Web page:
John and Carroll Kowal House

John and Carroll Kowal House

John and Carroll Kowal House


John and Carroll Kowal House

Date Opened

November 7, 1988

Residential Units

72 SRO (single room occupancy) units for persons with very low incomes, persons with experience of homelessness

Development Partners

Architect: Elliott Rosenblum, Architect
General Contractor: Sparrow Construction
Major Funders: NYC Department of Housing Preservation and Development and National Equity Fund

Rental Subsidy

Project-Based Section 8 Contract

Services Funding

NYC Department of Homeless Services

More Info

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Building History

Founding Board member John Kowal was a vital presence on the West Side for more than 40 years. He and his wife, Carroll, were particularly moved by the difficult experiences of single adults living in single room occupancy housing. At a time when most of government and academia believed that SRO housing should be abolished, John Kowal was a prime mover behind the creation of the Mayor’s Office on SRO Housing.
John Kowal’s experiences, along with WSFSSH’s experience of listening even more closely to what tenants had to tell, led WSFSSH to advocate for preservation of SRO housing and the recognition that when it is safe and maintained properly, SRO housing is a viable affordable housing option.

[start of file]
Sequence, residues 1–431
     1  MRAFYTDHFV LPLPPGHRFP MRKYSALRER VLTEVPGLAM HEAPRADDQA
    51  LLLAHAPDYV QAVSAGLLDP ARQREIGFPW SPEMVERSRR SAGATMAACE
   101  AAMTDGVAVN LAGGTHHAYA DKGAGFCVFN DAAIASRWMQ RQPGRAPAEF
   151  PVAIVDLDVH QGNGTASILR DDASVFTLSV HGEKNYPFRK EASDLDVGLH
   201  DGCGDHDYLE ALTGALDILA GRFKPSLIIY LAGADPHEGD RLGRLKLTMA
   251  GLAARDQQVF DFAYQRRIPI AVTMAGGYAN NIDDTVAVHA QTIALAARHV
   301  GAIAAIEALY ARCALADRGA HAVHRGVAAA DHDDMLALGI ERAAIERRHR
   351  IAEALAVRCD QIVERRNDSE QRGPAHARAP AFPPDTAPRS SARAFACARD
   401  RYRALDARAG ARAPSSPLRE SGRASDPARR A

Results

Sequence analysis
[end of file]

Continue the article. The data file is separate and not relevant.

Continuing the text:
Dena Davis and Liz Glass at New York City Housing Preservation and Development (HPD) created a Request For Proposals (RFP) for a model of SRO Housing using Section 8 Modified Rehab. WSFSSH responded with a proposal to develop what became John and Carroll Kowal House. Once again, founding board member Leah Schneider identified an appropriate site, a vacant building on Manhattan Avenue and 107th Street.
Kowal House was designed as a model– SRO housing done right—a building that was clean and safe, 72 single rooms with shared kitchens, baths, and other communal spaces. Kowal House was renovated with a budget of $15,000/unit, which was woefully short of the necessary $30,000/unit cost. After considerable effort, in 1987 the project was able to be refinanced using Federal Income Tax Credits, becoming one of the first projects to use this innovative method of financing. At the time of Kowal House’s development, no governmental budget allowed for furniture, development staffing, or management fees—it was all about the building, the whole building and nothing but the building, period. Despite all these constraints, the vision of a model of supportive SRO housing was sustained. Kowal House opened in November, 1988, with WSFSSH’s first employee, Candida Acuña, as its Director. John Kowal was there to carve the turkey at the building’s first Thanksgiving dinner, a tradition he continued until his death in 2000.